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Now after fuch an explicit acknowlegement, that the King was drawn into this change, is it not somewhat furprizing to find Sully endeavouring, in another place, to perfuade his readers, that this converfion of the King proceeded from conviction, and that he was really a very good Catholic in his

heart.

In the fixth book we find Henry, like a true fon of the Pope, fending a deputation to Rome, in order to make the necellary fubmiffions there, and obtain the holy Father's abfolution. But notwithstanding all these appearances of reconciliation to the holy church, we foon after find, that he had like to have been affaffinated, as an heretic, by the hand of

One

Duke de SULLY.

Northwestern

University

Library

99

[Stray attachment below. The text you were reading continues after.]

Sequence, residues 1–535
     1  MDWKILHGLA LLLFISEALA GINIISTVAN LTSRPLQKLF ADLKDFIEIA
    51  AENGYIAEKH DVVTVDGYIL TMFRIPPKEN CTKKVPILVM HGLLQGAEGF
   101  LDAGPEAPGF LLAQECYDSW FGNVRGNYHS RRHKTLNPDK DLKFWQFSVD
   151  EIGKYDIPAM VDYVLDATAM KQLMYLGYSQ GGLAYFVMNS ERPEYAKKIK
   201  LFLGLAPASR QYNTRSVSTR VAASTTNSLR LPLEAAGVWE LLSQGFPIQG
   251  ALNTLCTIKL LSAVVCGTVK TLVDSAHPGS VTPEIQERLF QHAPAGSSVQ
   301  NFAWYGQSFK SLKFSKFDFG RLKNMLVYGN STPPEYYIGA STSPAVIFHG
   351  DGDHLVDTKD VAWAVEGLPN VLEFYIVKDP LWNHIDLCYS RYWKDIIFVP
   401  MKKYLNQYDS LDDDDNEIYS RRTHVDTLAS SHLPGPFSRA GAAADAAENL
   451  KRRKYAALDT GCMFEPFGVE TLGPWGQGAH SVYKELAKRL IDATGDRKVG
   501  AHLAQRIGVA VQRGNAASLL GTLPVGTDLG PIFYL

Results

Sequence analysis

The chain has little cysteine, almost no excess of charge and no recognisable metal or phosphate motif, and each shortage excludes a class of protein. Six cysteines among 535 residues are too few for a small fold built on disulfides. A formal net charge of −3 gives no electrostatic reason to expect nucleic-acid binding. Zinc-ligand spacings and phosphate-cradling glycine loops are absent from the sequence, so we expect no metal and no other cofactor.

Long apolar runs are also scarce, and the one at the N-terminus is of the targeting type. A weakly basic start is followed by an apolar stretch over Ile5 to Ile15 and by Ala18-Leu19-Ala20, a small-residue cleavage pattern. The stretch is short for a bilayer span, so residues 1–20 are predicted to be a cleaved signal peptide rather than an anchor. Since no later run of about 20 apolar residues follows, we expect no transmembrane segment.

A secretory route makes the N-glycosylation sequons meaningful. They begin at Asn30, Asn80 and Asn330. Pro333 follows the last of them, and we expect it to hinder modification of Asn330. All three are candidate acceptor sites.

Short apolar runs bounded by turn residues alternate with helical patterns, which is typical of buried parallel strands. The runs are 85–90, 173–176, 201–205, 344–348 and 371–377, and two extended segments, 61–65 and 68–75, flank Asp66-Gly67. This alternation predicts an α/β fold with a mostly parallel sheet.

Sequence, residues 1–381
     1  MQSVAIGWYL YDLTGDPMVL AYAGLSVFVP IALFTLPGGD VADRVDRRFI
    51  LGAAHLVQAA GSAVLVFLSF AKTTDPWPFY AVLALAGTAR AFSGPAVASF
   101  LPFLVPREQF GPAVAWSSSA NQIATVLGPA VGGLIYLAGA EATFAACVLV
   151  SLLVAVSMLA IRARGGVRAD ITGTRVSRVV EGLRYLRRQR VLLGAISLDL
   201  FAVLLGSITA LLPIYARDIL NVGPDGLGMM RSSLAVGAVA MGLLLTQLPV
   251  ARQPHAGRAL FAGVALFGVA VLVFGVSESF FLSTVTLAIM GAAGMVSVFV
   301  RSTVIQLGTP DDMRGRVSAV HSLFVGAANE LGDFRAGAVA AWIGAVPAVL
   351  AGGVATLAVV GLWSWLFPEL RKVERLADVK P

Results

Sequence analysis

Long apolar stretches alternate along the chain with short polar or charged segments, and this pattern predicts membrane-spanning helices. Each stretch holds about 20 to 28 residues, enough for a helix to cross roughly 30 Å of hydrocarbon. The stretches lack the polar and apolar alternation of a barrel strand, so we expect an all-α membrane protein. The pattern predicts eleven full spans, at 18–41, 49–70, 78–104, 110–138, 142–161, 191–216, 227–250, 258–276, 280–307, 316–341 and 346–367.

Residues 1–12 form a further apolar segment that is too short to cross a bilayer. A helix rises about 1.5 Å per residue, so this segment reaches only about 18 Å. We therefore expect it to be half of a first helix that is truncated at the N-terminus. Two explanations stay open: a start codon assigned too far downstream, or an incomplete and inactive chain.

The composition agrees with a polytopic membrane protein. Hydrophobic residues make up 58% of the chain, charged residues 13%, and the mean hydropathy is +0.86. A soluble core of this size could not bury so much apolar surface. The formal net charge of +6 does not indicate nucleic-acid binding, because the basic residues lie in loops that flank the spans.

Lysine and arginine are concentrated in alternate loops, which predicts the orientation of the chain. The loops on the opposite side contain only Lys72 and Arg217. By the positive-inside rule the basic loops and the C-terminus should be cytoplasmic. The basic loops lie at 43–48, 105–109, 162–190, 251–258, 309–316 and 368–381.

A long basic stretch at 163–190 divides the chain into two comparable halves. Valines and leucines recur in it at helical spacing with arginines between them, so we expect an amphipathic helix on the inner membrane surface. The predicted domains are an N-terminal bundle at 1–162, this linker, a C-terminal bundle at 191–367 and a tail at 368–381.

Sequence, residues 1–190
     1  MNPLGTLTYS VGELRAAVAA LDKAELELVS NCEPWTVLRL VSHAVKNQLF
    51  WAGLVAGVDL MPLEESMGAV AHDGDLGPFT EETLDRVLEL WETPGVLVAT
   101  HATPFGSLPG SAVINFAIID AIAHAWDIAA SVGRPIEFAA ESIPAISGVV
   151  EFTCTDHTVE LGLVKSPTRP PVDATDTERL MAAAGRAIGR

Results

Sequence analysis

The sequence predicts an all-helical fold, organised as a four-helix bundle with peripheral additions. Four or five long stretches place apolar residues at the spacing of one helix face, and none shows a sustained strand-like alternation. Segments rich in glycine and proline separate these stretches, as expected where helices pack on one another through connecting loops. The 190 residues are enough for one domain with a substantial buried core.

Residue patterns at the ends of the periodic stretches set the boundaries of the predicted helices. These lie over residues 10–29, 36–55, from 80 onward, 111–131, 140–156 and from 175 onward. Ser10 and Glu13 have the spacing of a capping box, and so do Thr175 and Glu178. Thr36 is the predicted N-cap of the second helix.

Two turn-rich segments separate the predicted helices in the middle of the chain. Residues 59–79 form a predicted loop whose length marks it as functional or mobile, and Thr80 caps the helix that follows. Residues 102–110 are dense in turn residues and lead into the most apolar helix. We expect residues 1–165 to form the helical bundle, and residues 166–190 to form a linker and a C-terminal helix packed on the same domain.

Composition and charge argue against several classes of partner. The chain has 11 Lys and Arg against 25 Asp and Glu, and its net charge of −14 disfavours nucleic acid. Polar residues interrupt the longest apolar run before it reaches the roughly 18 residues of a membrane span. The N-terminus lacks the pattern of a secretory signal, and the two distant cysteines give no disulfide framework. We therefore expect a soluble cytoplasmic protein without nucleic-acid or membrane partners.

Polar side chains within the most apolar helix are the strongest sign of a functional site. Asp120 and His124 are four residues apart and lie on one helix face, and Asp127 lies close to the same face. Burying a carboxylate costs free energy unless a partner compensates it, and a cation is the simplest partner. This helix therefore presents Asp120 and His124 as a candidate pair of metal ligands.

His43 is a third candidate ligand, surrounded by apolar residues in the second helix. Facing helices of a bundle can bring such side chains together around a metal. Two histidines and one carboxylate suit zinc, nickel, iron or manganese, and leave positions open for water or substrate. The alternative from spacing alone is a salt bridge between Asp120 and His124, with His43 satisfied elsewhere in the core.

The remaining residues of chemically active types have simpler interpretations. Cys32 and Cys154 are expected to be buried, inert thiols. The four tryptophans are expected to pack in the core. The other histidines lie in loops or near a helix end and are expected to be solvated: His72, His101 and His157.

one of thofe enthufiafts, who were every where fuborned for that purpose. Amongst other informations that were fent him upon this fubject, he received advice, while at Melun, 6 [anno 1593] that one of thefe villains had fet out from Lyons, with a refolution to come thither and affaffinate him. Fortunately, before he left Lyons, he declared his defign in confeffion to a prieft; who, terrified at this frenzy, revealed it to a gentleman of Lyons. This gentleman pofted away ⚫ immediately, to get to Melun before the murderer; and de fcribed him fo exactly to the King, from the picture the priest had drawn of him, that he was known and feized amongst the crowd at Melun, confefled his intended crime, and received punishment for it. The King, afhamed even for his enemies, who by this wickednefs difcovered the true bent of their difpofitions, equally alarmed with these attempts against his perfon, and tormented with the précautions he was obliged to take, often complained to me, in the most affecting manner, of his uneafy fituation.-He would not have been unhappy, if the behaviour of the Catholics in his court had at leaft compenfated for that of the Catholics in the league; but the King's abjuration had produced no more change in them than the others.'